Thursday, June 30, 2016

The Ithaca Journal: Building a new Tompkins library, with Legos



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By Simon Wheeler
May 28, 2016

From left, Michael Perelstein 8, Terry Wang, 9, work with Peter McCracken all of Ithaca, to find a piece to complete one kit of the Lego model of the Tompkins County Public Library. McCracken, a library trustee, is organizing the building of the model library of the future.

Peter McCracken of Ithaca was working hard managing 100,000 Lego bricks on a recent Saturday at the Tompkins County Public Library.

McCracken, who is on the library's board of trustees, and his 12-year-old son, Andrew, are running the library foundation's ongoing Lego build fundraiser.

For a $50 donation anyone can take home a kit of about 200 bricks along with instructions and build a section of what will become a large Lego model of the library. Each assembled kit is then brought back to the library and it is installed in a one-of-a-kind, 6-foot by 6-foot model of the library. The model is a reimagining of what the library will look like after a renovation to be completed in 2017.

As with many complicated projects not everything was running smoothly on this Saturday. Assembled kits were brought back and they didn't always fit perfectly into the larger structure. McCracken and his son dug into a cardboard box of extra bricks, filling the air with the sound of hard plastic Lego bits being stirred.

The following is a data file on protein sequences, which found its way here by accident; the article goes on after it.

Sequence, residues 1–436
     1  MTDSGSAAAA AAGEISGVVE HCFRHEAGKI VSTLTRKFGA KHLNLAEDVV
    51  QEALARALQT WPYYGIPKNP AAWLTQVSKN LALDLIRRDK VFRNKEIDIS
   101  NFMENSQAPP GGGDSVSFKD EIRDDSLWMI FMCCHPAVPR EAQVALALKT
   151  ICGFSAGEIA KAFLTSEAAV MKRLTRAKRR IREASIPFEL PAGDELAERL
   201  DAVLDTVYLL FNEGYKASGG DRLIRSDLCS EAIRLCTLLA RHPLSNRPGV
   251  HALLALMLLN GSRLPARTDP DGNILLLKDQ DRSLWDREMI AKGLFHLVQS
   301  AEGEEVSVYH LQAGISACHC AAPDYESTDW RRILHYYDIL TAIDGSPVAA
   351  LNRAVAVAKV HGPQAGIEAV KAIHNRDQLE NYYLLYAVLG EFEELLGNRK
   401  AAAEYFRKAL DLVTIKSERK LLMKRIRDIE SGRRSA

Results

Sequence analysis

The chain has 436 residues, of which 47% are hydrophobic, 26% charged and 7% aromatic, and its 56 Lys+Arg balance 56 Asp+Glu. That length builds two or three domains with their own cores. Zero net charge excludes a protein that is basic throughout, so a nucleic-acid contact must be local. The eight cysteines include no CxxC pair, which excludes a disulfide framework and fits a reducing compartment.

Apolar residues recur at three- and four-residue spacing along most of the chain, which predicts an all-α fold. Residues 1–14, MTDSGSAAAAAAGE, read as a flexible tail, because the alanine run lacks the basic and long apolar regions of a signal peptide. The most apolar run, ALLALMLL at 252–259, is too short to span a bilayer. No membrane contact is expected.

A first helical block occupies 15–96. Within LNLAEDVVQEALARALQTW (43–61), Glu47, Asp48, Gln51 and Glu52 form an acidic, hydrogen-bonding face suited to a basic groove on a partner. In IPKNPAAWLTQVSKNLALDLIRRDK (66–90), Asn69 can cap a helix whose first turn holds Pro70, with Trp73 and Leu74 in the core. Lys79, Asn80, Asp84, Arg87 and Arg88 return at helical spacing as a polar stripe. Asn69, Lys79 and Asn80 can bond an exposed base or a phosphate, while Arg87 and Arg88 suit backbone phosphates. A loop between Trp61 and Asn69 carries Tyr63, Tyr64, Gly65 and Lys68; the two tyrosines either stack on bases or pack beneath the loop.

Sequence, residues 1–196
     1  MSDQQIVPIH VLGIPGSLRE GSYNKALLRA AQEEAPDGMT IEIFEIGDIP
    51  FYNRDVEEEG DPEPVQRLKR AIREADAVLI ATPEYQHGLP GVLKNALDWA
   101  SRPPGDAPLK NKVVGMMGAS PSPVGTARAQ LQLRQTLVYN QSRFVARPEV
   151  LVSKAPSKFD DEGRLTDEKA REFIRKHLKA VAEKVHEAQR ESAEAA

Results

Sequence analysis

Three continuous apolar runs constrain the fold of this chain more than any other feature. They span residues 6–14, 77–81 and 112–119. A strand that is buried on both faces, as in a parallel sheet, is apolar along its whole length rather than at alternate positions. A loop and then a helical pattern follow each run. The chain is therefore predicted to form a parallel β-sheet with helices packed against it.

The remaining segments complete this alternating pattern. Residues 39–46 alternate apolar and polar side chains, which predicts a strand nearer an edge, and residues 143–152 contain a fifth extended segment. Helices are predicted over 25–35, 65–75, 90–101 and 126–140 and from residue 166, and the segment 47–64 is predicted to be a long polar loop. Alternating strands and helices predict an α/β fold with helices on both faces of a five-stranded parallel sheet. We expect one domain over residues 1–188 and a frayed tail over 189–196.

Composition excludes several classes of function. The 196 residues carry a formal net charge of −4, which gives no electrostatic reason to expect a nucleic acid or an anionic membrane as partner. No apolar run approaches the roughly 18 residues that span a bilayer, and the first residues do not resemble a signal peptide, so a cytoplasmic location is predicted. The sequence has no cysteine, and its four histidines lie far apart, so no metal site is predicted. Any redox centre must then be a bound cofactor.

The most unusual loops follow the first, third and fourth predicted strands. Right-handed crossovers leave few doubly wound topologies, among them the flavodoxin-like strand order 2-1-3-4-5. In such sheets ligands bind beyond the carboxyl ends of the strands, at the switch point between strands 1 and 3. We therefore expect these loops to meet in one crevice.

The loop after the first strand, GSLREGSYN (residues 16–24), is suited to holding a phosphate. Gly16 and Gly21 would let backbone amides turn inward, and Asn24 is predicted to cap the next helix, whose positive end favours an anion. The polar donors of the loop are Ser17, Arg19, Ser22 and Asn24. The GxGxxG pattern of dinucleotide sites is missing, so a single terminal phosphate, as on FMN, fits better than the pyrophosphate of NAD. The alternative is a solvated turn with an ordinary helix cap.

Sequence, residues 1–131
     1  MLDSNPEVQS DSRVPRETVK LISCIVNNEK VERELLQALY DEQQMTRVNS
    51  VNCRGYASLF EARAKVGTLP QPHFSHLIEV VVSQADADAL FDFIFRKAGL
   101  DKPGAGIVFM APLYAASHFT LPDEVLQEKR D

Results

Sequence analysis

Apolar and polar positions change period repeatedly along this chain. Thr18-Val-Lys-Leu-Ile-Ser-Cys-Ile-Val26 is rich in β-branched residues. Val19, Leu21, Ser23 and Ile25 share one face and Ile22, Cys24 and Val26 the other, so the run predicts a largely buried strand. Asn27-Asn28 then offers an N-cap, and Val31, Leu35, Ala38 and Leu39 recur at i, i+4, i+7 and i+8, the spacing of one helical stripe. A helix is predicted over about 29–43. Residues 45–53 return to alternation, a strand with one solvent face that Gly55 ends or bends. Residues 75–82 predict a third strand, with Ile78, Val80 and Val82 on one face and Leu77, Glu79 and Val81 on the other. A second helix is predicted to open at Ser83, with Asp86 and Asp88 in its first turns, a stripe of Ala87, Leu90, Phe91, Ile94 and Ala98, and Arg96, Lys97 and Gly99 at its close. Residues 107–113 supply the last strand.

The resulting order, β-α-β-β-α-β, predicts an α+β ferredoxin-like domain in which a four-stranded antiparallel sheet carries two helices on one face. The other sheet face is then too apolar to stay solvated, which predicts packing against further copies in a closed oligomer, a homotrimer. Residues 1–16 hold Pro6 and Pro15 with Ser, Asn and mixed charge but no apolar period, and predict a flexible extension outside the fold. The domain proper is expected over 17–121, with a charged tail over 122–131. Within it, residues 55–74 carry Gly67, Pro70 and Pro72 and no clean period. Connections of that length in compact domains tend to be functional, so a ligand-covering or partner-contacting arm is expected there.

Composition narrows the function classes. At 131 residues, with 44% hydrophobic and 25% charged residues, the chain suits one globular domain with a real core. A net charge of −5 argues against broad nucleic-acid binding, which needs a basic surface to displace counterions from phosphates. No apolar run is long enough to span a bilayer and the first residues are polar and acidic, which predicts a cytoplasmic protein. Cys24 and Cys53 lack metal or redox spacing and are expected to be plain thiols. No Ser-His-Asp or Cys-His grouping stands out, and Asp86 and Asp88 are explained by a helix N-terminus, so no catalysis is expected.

McCracken got the idea for the Lego library model after his family visited Durham Cathedral in England in summer 2015. Andrew spotted a sign advertising a Lego build where, for a payment of one pound, visitors could buy one brick to add to a Lego model of the cathedral.

That led the father-son to discuss building a Lego mini figure scale-model of the Ithaca Commons.

"A mini figure, without any hat on, is four bricks tall," said Andrew, of the approximately 1/48 scale of the system.

But realizing the Commons would have "a billion really flat bricks," Andrew said they decided to build the public library because it is so big "we could do a lot of stuff building it."

"Kids love Legos and it's an opportunity to give to the library, so it's kind of win-win, it's two things that we wanted to do anyway," said Peter McCracken.

Fundraising campaign

The Lego build is the final stage of the library's $2.75 million fundraising campaign, according to Susan Smith Jablonski, executive director of the TCPL Foundation. The foundation plans to raise $25,000 through the Lego build.

Launched in November 2014, the campaign's two main goals are to create a new teen space and a digital lab — including a maker space, computers in a classroom, and computer work stations for collaborative and individual work. There will also be an emphasis on making English as a second language services available.

The teen space will have flexible and comfortable seating and technology resources for teens to use for homework help, said Library Director Susan Currie. The collection of teen material will be expanded to add new material.

Also, as part of the renovation, an office will be built for the Tompkins County historian, Currie said.

From left, Peter McCracken, Michael Perelstein, 8, Terry Wang, 9, and McCracken's son Andrew, 12, all of Ithaca, work to assemble the Lego mini figure scale model of the Tompkins County Public Library. (Photo: SIMON WHEELER / Staff Photo)
The opportunity to reconfigure the popular library arose when the Finger Lakes Library System moved to its own building in the Town of Dryden. This opened up a previously non-public area at the southeast corner of the Ithaca library building for reuse.

The final layout of the redesigned library is not yet set, as the library staff work with Tompkins County and an architect to create the design. In addition Tompkins County has committed to replacing the heavily worn carpet throughout the public areas of the library, Currie said.